The local Knights of Columbus donated $500 to the Estero Bay Kindness Coalition and its food program for local schools kids. Pictured from left are: Grand Knight Ron Vasconcellos; Pamela Harris with the Kindness Coalition; John Lalley of the Knights of Columbus; Coalition founder Bobby DeLancellotti; and Avocado Shack owner, Michael Wolfe. Photo by Neil Farrell
The local Knights of Columbus again showed some kindness for the Estero bay Kindness Coalition who help make sure that local needy families can feed their children.
Ron Vasconcellos, the grand knight of the Knights of Columbus, Council No. 5175, was on hand recently to give a donation of $500 to Bobby DeLancellotti, the founder of the Kindness Coalition at the organization’s food pantry on North Main Street at the Avocado Shack.
The Knights, who are affiliated with St. Timothy’s in Morro Bay, St. Elizabeth Ann Seton in Los Osos and St. Joseph’s Catholic Church in Cayucos, normally use coffee and goodies sales at the Annual Lighted Boat Parade to fund this donation. But as Estero Bay readers know, the parade was cancelled due to bad weather last December.
Vasconcellos said, “We donated last year and want to do it annually.” So the Knights dipped into their coffers to support the coalition this year. It’s hoped the weather doesn’t rain on next December’s boat parade.
The Kindness Coalition, started by DeLancellotti, his wife and a handful of volunteers, began when DeLancellotti, a pastor by trade, sought a way to help local school kids at Del Mar Elementary, which has a lot of children on the free lunch program.
What emerged was the “We got your back” a program wherein the coalition fills a backpack with enough food for two days that the kids take home every Friday, returning the empty packs on Mondays to be refilled.
The immediate popularity of the program showed what tremendous need there was in the community.
Pamela Harris, one of the coalition’s original volunteers who now manages the food pantry, said the backpacks contain two breakfasts, two lunches and two dinners. And from what started as just a handful of Del Mar kids, has blossomed into a regional food program, serving hundreds of kids from several local schools.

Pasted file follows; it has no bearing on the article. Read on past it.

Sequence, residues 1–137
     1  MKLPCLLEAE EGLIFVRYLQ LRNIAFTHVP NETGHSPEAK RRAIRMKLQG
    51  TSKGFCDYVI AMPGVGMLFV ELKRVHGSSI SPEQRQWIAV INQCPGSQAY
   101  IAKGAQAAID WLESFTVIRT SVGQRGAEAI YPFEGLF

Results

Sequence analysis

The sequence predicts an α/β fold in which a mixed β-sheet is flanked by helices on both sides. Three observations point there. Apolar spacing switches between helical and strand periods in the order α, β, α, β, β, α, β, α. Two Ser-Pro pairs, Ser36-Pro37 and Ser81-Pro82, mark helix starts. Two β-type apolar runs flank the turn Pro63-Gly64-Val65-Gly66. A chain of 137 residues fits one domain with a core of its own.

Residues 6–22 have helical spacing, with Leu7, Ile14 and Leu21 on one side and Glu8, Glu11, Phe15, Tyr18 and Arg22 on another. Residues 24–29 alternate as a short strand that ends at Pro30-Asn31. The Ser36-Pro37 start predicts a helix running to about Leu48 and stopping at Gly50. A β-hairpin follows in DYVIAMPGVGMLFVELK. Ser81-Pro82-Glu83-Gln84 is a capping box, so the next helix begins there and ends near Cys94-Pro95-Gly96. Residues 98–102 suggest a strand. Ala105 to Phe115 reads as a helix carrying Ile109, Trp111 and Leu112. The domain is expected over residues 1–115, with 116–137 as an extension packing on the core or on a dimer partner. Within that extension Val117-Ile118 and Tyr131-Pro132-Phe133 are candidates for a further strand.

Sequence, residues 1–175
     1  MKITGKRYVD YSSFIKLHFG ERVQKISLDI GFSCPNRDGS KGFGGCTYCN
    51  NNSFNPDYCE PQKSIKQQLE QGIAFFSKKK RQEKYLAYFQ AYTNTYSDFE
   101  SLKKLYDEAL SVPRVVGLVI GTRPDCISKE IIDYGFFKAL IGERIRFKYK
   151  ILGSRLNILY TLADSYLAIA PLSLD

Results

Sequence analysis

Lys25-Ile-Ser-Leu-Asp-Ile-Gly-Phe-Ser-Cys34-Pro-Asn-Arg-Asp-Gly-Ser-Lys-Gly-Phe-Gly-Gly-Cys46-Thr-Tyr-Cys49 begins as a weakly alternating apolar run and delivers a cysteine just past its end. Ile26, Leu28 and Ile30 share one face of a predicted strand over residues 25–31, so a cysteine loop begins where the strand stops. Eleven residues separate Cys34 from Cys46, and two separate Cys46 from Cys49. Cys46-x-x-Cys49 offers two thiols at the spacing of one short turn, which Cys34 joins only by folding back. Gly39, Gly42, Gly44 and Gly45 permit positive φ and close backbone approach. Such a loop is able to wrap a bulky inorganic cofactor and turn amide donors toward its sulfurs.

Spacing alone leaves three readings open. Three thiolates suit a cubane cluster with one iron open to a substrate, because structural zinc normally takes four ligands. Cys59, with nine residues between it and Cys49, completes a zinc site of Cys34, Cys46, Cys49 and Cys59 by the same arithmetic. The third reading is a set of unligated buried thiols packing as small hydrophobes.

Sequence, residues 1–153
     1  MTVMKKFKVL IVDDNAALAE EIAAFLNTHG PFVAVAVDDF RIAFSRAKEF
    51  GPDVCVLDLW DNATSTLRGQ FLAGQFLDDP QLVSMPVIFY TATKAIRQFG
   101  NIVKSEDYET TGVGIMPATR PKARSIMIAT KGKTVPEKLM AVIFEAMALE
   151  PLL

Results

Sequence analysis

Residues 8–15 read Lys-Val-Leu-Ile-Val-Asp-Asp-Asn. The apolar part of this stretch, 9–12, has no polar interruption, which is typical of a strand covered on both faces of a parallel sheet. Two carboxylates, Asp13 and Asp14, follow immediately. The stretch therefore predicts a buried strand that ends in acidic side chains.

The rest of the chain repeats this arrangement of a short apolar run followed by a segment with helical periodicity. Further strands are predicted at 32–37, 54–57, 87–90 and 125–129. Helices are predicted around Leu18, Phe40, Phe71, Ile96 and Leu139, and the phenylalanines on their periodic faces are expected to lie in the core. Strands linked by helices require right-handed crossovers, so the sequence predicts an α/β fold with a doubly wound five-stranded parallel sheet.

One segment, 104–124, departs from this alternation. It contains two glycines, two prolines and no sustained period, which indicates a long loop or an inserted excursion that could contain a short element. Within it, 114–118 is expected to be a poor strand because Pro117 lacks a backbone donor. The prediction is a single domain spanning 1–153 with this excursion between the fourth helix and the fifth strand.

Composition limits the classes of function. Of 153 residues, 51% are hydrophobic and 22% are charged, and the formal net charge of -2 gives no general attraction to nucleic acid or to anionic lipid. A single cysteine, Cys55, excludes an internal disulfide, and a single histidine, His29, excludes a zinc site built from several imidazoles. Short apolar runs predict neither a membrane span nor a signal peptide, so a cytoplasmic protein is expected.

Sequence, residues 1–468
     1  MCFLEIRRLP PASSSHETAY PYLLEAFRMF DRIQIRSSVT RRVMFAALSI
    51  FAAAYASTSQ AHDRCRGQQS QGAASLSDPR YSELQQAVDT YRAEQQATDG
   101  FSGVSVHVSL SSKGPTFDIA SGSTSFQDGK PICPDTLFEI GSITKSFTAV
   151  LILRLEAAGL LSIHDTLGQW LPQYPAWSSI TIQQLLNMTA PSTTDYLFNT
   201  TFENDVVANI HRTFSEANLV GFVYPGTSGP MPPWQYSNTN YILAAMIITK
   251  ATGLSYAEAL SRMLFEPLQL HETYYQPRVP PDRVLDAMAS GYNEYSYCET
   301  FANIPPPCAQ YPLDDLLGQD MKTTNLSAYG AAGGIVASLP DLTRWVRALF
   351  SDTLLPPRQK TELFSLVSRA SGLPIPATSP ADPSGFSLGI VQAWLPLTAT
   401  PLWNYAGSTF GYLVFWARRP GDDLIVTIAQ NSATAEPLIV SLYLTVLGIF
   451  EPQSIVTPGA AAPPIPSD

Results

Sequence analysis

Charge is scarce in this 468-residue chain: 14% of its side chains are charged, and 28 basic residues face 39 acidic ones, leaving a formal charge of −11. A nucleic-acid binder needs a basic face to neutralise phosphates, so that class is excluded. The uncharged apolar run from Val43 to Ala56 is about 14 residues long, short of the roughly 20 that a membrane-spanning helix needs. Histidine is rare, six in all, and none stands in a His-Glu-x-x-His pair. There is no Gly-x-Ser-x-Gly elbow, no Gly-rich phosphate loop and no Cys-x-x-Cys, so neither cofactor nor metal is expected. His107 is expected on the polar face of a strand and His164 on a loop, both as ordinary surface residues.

Harris explained that they got lists of needy students from the schools and drop off the packs at the various school campuses.
“We started with 10 backpacks,” said Harris, who added that she “does the shopping” for the organization,.
That shopping includes to an Amazon Wish List, wherein they can order food stuffs and have it shipped directly to the pantry on North Main Street.
They also partner with the County Food Bank where they receive some 1,200 pounds of non-perishable food and fresh veggetables. So each backpack now has non-perishables and a bag of veggies, Harris said.
During COVID, when local schools were closed for remote learning, Harris said they were delivering directly to the families’ doors. They were delivering to 79 families in Los Osos, and 87 in Morro Bay via some 19 volunteers drivers.
Now, they have a total of about 90 kids from Cambria, Cayucos, and Morro Bay, but not Los Osos, which she said has a whole different setup. “We’re looking for a place in Los Osos so we can expand,” Harris said.
She said the program has spread through word of mouth and “If someone is ‘under resourced” we’d be glad to help you.” They added five more families after the recent storms.
Harris said using donated funds, they “shop” at Costco, Grocery Outlet, the Dollar Stores, and online they buy from Target, Amazon and Walmart.
If readers would like to donate to the cause, they can get information from the coalition’s website, see: esterobaykindnesscoalition.org.